Crop Production With Pheromones
Pheromones are on of the best ways to manage insect infestation on crops. In this article, we will discuss how that works.
Within a few cm of the odor source, where a relatively steep concentration gradient might persist, an insect may use chemoklinotaxis or chemotropotaxis in determining the direction of the origin of the chemical. In employing chemoklinotaxis, the insect swings its antennae from side to side and makes successive comparisons of the chemical concentration on each side of its body (Shorey 1973). In using chemotropotaxis, the individual simultaneously compares the pheromone concentration on each side of its body with its two antennae (Shorey 1973). In either tactic reaction the insect turns toward the side of highest stimulation (if the pheromone chemical is an attractant) and, in this way, becomes oriented toward the stimulus source. Tactic reactions only imply steering per se and a chemo-orthokinetic reaction speed of locomotion dependent on chemical concentration (Fraenkel and Gunn 1961) maintains forward progress toward the source (Janders 1963). This relates to crop production with pheromones.
At our present level of knowledge it appears that two different male pheromone components of orientation may function simultaneously to enable the insect to approach a distant odor source. The first component allows the insect to determine which direction to follow along the trail so as to arrive at, as opposed to move away from, the odor source. The second component is superimposed on the rst and enables the insect to make lateral correcting movements so as to remain near the central longitudinal axis of the trail.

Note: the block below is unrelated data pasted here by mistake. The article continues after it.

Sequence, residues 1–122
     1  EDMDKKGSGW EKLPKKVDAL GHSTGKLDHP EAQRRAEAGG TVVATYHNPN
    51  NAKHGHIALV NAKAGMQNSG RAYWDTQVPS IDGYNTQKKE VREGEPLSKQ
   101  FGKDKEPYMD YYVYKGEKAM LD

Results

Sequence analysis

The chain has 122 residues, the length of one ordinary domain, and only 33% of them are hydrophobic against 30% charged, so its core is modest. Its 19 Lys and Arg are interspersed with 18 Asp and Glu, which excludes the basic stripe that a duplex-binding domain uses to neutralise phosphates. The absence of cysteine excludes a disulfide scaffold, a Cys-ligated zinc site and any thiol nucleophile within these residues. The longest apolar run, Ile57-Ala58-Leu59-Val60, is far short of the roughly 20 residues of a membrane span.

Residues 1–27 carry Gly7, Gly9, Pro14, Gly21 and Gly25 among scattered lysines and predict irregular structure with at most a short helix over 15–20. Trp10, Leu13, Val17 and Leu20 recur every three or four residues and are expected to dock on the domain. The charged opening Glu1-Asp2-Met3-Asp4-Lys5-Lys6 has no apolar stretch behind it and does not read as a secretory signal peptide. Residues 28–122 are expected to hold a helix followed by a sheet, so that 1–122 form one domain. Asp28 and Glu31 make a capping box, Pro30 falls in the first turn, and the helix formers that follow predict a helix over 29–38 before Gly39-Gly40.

Several pheromone mechanisms have been proposed by which an insect can determine the first component the actual direction of an odor source. These include: 1) anemotaxis; 2) use of an elongate gradient of odor filaments; and 3) use of an elongate gradient of molecular density. To what extent these mechanisms are actually used is a matter of conjecture. Therefore, the discussion that follows is largely hypothetical.
An anemotactic response occurs when the insect orients its body axis parallel with the direction of movement of an air current (Fraenkel and Gunn 1961). If the insect were in physical contact with the substratum, the direction of an air current could, in principle, be determined by the direction of deection of mechanoreceptors on the body (Weis-Fogh 1948, 1949; Camhj 1969a, b, 1970). However, ying insects cannot rely entirely upon mechanoreception in obtaining this directional information. The following example will illustrate this point. Suppose that a weightless, blind insect is free-oating in a current of air. When the insect is not ying, both the direction in which it is carried and its velocity are equal to the direction and velocity of the air current. Its pheromone mechanoreceptors can only detect that it is motionless with respect to the air mass within which it is carried.
Male Pheromone Response
Therefore, contact with the substratum or other xed objects in the male pheromone environment must be maintained in order to sense the true direction of a owing medium. Kennedy (1939) reported that the yellow-fever mosquito, Aedes aegypti (L.), uses visual contact with the substratum to maintain an upwind ight direction and he hypothesized that the steering mechanism involved both the speed and the direction at which objects passed below the eye. The apparent direction and velocity of these images are dependent upon the air velocity, the ight speed of the insect, and the angle at which the insect is ying with respect to the wind. Upwind ight must produce a lower apparent velocity of images passing beneath the eyes than downwind ight, and the apparent direction of the substrate objects must be from fore to aft, parallel to the body axis. Crosswind ight causes a side slippage of the insect’s body with relation to the substrate that results in substrate objects moving at an apparent oblique angle to the eye.
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ABOUT THE AUTHOR
Alexander Pommett is a blogger in Los Angeles who studies pheromones.